Not sure I've climbed tech 5c on anything lower than 6a+, aside from the slabs of la pedriza but they are freaks !
The problem IMO with grading something E1 f6a is that you are in affect using two metrics to measure the same thing, the overall difficulty of the route. This becomes even more illogical when assigned to a single pitch climb. I have some sympathy for those climbing in the higher grades but in honesty I don't know how many people this affects. My real concern would be the drip down affect to more moderate grades. The UK has a strong, historically evolved system that has worked for many years and I would be sad to see that tradition compromised.
> Forgive me if this has been done before.
> Just looking at grade comparisons between sport and trad.
There's your problem
> I generally train , during the winter, indoors and when I can get out on some trad during the wkend.
You need some oil on your "e" key
> I noticed, using the rockfax grade table that the British tech grade of 5c is present in comparisons between 6a and 6b+ sport grades.
Great, isn't it!
> This can't be possible surely, so the comparison must be based on the adjective grades, e1 , e2 and so on and this makes sense as sport grades take into consideration the overall feel for the route.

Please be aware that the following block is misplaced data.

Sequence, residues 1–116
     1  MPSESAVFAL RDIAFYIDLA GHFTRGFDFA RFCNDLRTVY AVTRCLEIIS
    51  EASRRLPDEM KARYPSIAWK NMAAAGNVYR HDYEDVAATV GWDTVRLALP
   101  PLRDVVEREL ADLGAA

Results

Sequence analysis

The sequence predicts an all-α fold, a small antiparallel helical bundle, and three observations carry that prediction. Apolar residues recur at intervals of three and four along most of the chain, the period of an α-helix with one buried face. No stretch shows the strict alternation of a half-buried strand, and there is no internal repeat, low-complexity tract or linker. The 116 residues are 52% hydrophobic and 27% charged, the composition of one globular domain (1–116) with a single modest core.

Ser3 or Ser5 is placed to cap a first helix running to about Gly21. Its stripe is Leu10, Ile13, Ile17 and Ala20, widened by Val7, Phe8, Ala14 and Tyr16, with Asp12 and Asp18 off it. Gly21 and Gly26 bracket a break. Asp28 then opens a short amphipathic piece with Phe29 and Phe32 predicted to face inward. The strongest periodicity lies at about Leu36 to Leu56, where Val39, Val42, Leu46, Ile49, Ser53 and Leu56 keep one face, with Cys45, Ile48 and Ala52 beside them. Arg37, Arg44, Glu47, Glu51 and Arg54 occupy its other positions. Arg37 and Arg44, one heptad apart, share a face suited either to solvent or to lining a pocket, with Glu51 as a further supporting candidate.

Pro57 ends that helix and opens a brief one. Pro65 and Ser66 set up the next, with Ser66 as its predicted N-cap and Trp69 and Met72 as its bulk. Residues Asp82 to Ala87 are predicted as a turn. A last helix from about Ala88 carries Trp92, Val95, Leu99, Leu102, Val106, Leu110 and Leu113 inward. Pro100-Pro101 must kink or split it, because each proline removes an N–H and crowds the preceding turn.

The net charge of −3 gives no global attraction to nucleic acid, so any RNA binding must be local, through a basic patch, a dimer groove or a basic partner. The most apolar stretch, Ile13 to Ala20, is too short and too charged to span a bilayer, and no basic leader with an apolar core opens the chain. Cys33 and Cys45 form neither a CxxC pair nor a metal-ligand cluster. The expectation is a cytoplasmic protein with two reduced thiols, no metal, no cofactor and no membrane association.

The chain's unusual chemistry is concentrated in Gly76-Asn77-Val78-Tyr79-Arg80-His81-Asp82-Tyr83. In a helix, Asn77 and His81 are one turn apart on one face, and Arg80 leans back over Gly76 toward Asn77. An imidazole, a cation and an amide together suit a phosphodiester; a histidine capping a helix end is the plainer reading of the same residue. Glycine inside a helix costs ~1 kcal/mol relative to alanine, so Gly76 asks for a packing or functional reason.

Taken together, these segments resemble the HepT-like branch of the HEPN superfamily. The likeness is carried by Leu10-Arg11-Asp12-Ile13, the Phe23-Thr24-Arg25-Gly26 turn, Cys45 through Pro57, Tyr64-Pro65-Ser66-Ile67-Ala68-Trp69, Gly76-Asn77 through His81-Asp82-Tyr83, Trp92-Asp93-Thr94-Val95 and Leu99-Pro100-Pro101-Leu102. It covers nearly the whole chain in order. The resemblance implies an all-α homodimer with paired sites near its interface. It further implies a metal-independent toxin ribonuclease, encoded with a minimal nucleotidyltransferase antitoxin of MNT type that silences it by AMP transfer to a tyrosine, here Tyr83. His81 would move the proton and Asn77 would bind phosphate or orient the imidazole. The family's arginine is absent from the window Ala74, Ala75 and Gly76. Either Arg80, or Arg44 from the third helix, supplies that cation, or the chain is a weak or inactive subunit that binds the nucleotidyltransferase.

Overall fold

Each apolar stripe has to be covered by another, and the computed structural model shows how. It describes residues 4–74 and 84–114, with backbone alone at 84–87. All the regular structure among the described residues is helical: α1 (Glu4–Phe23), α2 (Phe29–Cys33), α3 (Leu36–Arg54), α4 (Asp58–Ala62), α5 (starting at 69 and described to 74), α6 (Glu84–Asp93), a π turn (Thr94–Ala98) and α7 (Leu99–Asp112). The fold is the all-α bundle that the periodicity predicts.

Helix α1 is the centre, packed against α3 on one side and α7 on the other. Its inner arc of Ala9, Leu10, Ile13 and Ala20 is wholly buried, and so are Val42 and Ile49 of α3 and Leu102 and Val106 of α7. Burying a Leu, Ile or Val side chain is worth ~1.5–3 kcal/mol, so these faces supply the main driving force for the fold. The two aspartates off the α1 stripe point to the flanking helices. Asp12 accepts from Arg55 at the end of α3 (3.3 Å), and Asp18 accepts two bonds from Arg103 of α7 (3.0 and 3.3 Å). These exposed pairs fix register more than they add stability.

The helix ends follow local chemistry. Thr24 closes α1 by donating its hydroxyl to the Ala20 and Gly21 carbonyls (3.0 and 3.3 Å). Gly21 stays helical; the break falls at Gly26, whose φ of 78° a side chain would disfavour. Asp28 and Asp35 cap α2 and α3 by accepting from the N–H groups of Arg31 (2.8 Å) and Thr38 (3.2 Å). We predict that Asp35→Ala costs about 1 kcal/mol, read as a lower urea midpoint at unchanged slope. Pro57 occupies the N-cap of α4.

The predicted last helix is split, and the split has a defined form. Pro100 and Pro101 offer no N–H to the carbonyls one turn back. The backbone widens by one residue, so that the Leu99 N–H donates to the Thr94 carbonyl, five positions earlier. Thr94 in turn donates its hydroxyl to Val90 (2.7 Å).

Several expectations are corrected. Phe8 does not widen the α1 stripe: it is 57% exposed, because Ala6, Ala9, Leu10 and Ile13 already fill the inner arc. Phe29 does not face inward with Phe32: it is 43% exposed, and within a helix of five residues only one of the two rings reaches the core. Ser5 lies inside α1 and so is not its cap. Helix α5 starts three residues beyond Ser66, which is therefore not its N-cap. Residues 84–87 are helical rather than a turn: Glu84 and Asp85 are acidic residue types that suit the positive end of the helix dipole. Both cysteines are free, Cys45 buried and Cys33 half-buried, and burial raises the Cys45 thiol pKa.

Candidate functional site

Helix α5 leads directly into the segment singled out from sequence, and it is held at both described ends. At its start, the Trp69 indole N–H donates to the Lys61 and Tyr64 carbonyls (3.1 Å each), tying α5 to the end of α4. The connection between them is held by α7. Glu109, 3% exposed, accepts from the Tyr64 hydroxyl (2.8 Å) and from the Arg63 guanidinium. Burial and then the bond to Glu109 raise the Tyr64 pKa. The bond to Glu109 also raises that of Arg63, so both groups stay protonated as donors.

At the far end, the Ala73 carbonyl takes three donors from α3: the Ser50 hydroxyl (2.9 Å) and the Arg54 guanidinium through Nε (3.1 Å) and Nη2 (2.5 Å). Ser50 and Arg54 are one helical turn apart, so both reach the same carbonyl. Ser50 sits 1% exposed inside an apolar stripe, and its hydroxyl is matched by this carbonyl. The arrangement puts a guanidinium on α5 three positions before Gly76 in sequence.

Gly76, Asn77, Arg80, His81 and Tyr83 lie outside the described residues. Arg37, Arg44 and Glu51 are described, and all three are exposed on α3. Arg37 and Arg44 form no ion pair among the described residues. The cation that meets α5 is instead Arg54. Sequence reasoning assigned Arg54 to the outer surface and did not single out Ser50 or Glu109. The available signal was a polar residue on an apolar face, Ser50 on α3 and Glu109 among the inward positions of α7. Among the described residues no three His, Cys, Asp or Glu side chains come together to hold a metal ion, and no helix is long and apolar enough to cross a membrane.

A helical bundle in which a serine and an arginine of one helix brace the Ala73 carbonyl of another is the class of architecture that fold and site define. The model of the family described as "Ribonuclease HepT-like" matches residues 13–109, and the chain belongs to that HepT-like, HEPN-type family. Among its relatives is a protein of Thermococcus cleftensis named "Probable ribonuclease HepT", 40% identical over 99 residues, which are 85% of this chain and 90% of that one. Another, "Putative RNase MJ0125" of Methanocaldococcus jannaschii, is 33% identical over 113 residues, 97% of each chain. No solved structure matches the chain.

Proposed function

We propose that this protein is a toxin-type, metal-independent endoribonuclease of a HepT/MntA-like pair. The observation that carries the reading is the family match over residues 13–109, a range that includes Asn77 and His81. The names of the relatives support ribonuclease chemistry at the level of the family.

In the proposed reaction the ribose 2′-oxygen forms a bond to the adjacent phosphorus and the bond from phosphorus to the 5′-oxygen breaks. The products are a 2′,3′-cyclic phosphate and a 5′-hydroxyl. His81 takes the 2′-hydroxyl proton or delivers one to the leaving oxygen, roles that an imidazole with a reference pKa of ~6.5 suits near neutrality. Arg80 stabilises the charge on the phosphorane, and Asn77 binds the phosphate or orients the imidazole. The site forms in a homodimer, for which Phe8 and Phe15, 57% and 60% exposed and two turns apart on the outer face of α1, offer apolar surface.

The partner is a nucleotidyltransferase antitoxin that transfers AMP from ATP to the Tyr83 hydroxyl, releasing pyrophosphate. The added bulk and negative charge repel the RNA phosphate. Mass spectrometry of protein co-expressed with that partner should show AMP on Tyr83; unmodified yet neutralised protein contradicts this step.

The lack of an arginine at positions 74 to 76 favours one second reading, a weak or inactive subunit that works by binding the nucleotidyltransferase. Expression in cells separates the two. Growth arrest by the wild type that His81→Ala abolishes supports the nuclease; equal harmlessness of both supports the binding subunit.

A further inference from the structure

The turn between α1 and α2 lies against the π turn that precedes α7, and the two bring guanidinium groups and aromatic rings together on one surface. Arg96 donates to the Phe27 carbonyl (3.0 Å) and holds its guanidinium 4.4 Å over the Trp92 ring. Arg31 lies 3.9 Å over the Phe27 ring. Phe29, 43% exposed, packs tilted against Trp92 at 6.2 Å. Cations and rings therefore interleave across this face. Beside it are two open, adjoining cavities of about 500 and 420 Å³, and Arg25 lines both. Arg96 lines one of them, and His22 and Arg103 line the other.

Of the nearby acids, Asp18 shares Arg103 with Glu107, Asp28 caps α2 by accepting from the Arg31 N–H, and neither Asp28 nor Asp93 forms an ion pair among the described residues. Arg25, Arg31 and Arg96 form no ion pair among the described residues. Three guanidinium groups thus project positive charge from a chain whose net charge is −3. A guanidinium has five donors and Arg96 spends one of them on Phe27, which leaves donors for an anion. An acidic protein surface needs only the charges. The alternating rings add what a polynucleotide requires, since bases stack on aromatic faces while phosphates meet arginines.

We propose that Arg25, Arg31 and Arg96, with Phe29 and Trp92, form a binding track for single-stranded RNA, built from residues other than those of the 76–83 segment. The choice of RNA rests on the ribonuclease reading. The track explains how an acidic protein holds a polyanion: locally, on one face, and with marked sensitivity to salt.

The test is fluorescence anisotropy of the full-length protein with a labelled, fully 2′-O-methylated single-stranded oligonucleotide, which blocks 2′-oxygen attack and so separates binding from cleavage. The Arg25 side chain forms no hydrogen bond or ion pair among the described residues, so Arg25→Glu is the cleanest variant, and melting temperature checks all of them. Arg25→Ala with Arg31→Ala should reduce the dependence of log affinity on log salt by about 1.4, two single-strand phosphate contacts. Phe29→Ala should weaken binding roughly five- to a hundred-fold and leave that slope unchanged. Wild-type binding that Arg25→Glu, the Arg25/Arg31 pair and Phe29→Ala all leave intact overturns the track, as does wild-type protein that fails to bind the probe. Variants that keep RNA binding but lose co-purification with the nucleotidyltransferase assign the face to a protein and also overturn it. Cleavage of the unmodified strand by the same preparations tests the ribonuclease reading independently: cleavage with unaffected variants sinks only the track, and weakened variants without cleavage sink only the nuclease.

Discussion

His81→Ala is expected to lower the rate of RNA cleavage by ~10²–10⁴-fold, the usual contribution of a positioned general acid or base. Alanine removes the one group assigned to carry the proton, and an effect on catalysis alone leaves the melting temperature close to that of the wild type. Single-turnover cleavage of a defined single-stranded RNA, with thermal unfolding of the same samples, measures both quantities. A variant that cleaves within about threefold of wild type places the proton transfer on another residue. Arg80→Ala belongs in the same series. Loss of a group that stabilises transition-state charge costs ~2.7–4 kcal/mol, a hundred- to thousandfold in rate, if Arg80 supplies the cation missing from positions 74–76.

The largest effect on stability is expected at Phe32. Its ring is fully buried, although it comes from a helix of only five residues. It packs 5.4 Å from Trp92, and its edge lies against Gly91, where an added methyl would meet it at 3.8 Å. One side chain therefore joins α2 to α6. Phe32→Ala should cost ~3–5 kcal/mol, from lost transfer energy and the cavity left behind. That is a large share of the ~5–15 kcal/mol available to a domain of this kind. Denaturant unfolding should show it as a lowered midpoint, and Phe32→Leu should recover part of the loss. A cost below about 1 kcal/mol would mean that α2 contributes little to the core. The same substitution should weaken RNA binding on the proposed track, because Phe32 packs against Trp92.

Let's call this "Afshapes' Principle 1"
> We can confuse matters further with trad grades, mostly, being onsight and sport being practiced but I'm not bothered about that.
> My question is, what is the equivalent sport grade for 5c climbing.
See Afshapes Principle 1
> Writing it down has made me think maybe a bouldering grade might be more appropriate.
Certainly for bouldering.
> Anyway thanks for reading and any comments welcomed .
No problem; it was a pleasure
> The problem IMO with grading something E1 f6a is that you are in affect using two metrics to measure the same thing, the overall difficulty of the route.
Yes and no... E-grade takes into account physical and mental aspects (like amount of gear, how fiddly it is and where it is in regards to the hard climbing). Sports grade only rates the physical aspects (how hard/sustained the climbing is).
It could work, but recalibration would be needed...
It would still be about as good/bad as the current system.
For a one used to it, it'll work... but for a foreigner, not so much. After all, we foreigners are used to the idea that the grade measures the physical difficulty and additional information tells us if it is going to by ballsy, scary or deadly.